One more verse, in case you wondered about the 2nd Amendment:
11 …we believe that all men are justified in defending themselves, their friends and property, and the government, from the unlawful assaults and encroachments of all persons in time of exigency, where immediate appeal cannot be made to the laws, and relief afforded.
If you’ve submitted to a government for protection, you have not relinquished your right to defend yourself at times when the protectors can’t get there. Someone breaks into your home, you don’t have to wait for the police to arrive.
|Latter-day Saints force out of Illinois|
cross frozen Mississippi
image from LDS.org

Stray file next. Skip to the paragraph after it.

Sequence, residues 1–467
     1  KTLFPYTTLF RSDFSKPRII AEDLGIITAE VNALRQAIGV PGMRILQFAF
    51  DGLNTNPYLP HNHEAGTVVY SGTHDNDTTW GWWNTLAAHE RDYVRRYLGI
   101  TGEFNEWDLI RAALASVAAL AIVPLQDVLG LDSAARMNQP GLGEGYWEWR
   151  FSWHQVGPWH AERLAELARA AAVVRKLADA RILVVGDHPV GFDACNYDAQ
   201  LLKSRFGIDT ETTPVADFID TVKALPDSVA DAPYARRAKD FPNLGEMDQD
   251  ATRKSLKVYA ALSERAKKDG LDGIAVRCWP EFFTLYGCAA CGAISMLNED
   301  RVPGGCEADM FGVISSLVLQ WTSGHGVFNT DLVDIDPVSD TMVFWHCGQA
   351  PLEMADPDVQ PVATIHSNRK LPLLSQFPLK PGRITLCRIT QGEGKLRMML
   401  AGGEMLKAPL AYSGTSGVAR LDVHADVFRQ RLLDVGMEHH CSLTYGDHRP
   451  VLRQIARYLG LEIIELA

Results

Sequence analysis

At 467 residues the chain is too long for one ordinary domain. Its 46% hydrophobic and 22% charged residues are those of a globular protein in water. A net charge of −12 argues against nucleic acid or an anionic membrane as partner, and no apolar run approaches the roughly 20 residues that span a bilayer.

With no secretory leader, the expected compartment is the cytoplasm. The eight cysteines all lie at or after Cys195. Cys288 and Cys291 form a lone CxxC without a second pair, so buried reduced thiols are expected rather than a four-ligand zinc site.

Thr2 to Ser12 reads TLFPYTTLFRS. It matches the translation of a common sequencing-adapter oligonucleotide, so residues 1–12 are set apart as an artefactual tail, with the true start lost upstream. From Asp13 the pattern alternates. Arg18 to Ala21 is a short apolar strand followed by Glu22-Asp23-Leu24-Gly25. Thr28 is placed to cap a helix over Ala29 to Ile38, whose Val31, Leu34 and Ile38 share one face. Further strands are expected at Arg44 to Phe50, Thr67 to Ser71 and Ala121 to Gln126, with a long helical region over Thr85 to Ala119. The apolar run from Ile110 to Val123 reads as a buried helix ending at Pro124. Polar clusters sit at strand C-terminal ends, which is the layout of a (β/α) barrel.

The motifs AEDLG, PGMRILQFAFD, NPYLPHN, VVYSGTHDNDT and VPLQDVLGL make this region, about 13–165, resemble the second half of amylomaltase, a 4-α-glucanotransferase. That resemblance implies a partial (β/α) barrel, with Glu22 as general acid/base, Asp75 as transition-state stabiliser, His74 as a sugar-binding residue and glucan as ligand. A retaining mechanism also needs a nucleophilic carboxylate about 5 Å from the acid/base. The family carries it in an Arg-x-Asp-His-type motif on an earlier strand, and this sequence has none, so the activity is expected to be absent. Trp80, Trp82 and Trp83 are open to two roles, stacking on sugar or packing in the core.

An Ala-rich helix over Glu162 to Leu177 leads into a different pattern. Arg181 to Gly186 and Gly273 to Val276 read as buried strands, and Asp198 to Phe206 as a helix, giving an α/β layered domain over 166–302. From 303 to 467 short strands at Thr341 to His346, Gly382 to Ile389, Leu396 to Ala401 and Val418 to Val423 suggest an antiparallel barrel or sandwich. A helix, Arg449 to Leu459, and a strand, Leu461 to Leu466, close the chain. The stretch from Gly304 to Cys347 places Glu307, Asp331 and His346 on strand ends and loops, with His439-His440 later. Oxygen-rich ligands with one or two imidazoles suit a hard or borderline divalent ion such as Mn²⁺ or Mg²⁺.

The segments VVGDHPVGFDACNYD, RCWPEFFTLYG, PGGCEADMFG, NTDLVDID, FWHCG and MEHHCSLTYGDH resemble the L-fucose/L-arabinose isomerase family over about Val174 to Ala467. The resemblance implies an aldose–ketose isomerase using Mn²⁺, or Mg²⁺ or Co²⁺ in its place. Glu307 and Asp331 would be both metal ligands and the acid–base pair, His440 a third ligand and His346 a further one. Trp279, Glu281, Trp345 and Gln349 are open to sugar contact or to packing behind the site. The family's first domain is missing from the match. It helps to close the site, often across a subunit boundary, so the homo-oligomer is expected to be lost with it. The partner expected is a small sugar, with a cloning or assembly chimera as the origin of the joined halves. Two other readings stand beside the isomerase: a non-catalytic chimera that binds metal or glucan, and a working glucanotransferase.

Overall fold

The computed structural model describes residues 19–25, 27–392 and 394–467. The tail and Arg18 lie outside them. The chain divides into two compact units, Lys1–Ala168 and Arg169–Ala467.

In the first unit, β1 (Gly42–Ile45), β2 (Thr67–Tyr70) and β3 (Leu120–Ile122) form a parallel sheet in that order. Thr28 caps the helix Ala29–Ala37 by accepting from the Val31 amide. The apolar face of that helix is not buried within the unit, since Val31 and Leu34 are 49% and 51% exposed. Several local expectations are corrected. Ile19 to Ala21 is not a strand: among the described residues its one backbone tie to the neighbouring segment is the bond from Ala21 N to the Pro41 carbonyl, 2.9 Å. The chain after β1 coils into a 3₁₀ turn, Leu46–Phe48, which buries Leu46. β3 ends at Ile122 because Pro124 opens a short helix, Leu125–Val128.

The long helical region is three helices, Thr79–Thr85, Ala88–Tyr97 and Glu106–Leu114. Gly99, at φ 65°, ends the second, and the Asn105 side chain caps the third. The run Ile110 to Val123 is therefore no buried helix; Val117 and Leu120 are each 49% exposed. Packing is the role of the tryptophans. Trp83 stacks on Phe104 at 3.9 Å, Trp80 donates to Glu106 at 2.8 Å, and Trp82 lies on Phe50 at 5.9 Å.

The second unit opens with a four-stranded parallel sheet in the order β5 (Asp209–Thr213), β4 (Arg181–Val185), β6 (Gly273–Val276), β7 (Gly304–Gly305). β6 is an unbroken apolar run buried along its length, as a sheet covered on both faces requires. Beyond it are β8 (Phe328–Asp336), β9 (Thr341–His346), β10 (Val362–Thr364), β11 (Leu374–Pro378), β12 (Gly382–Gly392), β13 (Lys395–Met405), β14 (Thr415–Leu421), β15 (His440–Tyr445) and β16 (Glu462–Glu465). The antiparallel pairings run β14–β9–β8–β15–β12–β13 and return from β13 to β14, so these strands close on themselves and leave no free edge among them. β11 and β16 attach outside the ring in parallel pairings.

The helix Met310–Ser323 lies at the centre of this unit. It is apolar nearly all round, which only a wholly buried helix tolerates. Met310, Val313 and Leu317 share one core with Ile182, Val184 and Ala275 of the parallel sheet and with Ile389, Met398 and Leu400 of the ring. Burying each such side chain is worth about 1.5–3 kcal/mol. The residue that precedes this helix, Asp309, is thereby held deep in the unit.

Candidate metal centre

It’s interesting to look at the times when these things were written. The Church was founded in upstate New York—in the area of Palmyra (which you can visit if you’re ever in the neighborhood of Niagara Falls). Persecution there soon led to a move to the area around Kirtland, Ohio. In just a few years, persecution there led to a move to Missouri. Persecution there soon led to a move to Missouri counties on the other side of the state. Persecution there—including an extermination order, which made it “legal” to murder Mormons in Missouri, not rescinded until just a few decades ago—led to a move to a swampland near Quincy, Illinois. The swamps were drained, and the city of Nauvoo was built, where the Mormons, in some isolation, thrived for a few years. (Some of my Mormon ancestors date to this period.) But persecution grew (are you seeing a pattern?) including the murder of the Prophet Joseph Smith and his Brother Hyrum. Promises of protection from the governor were broken, and by 1846 the Mormons were forced out of their homes yet again, in winter, across the Mississippi to Iowa and Nebraska, where they gathered in tents and dugout homes to survive until they could ready themselves to cross the plains, which they did in 1847, eventually arriving in the Salt Lake Valley, where the isolation for a longer period of time, in a place no one else wanted, allowed them to thrive.